Once your categories have been set up and mapped, your store is ready to be loaded up with all your products! After the initial load it may be necessary to do a little tweaking. We can rename, move, make categories more generic or specific – whatever you require. Once all is set up to run smoothly then that’s just what your store will do. Allowing you more time to cater to your customers and stay on top of the market trends… or just sit back and allow that passive income stream to come rolling in.

The ImageFinder

Bad supply data is everywhere. The worst is when you get products without images. How can your customers tell what they are buying if they can’t see it? E-Commerce is mysterious enough – virtual products appear online and we order them. We hope that reality matches the online experience. So why make them guess what a product looks like?

Most carts will offer you the option to hide products which do not have images. But this can sacrifice a large part of your inventory.

We have come up with a way to solve this issue with our Shopify “Image Finder” app.

The Image Finder searches everywhere to get the best images for your store. It finds them, imports them, and lets you choose the ones you like. All automatically!

This app is great when:

  • Your dropship supplier does not provide images, or has a lot of missing images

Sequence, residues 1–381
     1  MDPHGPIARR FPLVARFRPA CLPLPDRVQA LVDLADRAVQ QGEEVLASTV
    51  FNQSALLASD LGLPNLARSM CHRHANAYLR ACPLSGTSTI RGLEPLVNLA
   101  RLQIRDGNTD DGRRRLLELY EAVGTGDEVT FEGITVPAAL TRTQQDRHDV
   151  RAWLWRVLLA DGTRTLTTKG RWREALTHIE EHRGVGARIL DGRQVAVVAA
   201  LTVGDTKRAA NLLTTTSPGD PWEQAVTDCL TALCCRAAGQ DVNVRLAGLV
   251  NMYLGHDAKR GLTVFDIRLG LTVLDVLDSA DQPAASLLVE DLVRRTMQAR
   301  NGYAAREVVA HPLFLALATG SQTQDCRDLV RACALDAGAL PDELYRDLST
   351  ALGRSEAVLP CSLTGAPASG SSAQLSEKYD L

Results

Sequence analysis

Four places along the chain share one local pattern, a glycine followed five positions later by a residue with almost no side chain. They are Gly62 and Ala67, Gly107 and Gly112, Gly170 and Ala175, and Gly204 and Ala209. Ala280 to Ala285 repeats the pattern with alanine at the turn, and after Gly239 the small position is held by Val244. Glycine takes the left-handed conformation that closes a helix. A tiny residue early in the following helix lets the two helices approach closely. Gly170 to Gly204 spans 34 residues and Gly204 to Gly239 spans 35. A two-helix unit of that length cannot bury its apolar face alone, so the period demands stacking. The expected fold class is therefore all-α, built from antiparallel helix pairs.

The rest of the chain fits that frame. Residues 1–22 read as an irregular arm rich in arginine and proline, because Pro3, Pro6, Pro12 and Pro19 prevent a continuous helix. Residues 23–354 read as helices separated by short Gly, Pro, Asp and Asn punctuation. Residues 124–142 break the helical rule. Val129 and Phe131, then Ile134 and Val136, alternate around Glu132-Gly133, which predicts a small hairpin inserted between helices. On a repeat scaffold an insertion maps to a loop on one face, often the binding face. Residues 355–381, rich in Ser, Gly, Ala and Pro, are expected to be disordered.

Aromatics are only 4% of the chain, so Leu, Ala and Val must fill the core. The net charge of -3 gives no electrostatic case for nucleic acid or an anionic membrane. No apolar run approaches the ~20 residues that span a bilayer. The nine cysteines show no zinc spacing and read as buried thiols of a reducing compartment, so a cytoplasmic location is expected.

• You want to improve the quality of your product displays
  • You want to get rid of those annoying “image not found” placeholders

This app will do the manual work for you, searching for the best match for your products. It imports a set of pictures that you can choose from. All you need to do is review the images and discard the ones you don’t like. And it runs all day, every day to fill in the gaps when you add new products.

Images are also given some SEO attention, giving your store an extra boost!

Click here to check out our Image Finder App for Shopify.

We also provide image services for WooCommerce, Magento, 3dcart, EPages, PrestaShop, Wal-Mart, BestBuy, Amazon, and many others.

TopDawg Dropship Images

TopDawg provides a data feed to keep your store catalog up-to-date.  It has CSV data with titles, categories, descriptions, prices, and other things that are typically needed. The inventory is updated on a regular basis.